The final step for the project was to translate it back into the community. I created an eight-page newspaper15 that included a centrefold of the aerial photo of the track, as well as portions of interviews and documentation from the performance of the mark. I wanted to put the photograph of the mark, another story of presence and absence, into the collective narrative of the track. In this case the story was embodied in a white line seen from the sky – a temporary hovering over multiple tenses (past/present) and the idea of revenance.
The newspapers were available at Meh's gas station,16–17 the place I had initially chosen as a dissemination point. They were also hand delivered18 to the residents of the Cape John peninsula, where the racetrack was located. I wanted to create a document that would be authoritative in the allusion to 'news' and the inclusion of a photograph, yet also subject to temporal irrelevance and deterioration – of the newspaper itself – over time.19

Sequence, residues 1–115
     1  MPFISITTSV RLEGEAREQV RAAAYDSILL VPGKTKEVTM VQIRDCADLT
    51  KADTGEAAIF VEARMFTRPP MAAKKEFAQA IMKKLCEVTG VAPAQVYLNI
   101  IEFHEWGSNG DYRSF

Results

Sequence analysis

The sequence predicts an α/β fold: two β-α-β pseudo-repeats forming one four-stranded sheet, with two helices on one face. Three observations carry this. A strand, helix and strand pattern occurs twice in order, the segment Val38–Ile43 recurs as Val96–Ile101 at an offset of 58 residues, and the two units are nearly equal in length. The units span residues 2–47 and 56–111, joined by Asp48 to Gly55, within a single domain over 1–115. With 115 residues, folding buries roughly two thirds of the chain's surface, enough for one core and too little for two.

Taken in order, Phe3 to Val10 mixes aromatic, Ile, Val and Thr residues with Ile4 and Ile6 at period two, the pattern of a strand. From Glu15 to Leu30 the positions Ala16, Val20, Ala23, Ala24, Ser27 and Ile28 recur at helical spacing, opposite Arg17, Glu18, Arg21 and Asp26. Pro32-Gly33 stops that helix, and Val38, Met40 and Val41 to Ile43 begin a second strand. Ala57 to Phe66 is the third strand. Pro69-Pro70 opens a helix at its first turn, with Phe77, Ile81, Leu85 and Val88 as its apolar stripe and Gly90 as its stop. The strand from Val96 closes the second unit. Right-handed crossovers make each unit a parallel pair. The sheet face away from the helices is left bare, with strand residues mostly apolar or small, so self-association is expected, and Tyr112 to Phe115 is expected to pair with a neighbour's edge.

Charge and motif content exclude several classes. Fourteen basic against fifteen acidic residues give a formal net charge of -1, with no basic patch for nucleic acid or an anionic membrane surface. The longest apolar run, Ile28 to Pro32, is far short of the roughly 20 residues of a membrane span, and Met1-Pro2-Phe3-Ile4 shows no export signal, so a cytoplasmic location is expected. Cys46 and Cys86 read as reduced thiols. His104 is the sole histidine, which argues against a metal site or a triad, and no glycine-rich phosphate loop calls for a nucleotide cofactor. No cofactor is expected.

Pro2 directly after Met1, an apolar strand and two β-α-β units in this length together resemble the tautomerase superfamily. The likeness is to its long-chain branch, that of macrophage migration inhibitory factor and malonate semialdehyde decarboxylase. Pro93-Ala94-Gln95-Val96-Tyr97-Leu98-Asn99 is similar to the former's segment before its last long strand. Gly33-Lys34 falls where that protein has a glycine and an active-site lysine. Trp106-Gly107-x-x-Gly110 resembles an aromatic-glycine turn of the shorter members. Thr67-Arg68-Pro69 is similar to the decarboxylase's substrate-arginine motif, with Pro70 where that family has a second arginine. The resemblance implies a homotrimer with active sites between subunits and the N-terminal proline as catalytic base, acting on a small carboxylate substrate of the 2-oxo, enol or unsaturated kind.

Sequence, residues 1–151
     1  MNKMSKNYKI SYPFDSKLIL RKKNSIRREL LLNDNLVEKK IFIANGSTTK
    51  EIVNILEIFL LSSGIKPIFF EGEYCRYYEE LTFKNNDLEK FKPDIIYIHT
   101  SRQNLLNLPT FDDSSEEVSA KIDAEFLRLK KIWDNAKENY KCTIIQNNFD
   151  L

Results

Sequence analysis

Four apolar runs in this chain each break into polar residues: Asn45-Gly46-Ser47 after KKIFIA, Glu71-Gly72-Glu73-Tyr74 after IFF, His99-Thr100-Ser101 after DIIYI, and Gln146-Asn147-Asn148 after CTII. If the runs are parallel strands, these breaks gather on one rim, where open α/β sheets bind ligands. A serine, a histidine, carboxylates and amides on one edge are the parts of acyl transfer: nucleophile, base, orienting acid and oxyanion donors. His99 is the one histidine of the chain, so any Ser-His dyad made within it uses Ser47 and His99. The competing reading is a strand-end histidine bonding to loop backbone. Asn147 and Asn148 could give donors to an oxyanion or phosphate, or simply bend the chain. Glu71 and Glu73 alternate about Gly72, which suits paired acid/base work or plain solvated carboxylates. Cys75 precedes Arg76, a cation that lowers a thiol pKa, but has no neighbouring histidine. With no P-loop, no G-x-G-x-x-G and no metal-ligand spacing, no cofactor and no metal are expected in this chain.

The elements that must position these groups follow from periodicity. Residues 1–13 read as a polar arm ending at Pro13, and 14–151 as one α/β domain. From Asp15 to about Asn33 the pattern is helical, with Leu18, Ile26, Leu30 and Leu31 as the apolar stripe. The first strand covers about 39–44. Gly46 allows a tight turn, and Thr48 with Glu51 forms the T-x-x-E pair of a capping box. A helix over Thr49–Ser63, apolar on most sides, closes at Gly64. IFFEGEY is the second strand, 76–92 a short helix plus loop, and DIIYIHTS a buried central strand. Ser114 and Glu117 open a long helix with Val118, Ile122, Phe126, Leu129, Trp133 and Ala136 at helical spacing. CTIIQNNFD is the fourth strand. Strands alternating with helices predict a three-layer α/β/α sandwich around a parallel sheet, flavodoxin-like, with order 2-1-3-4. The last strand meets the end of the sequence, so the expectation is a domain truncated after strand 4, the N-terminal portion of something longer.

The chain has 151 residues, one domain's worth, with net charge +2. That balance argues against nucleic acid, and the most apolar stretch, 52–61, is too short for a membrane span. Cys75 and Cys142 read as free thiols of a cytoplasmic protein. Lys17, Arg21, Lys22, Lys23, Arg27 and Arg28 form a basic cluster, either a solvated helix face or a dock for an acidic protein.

In conclusion, I contemplated the racetrack landscape, as it exists, without recognisable visual clues, as being a unique tie to history and place. If the track were unreal as a visible physical mark, the most real would always be the most recent iteration in time. For instance, one evening as I was replenishing newspapers, a resident started telling me a story about the track. I was keenly aware that each telling was as authoritative as the one that came before it. It is a sort of temporal equivalency. Language charts authority over place.20 The importance of the track as a supposed anchor in time, from which stories occur to establish relationship to the present, was apparent. The worn cow tracks that diverge from and through the racetrack (as seen from the aerial photo) chart their authority of physical mark. In both cases, the lines and passage of time create alternative stories, alternative marks over and through the original landscape.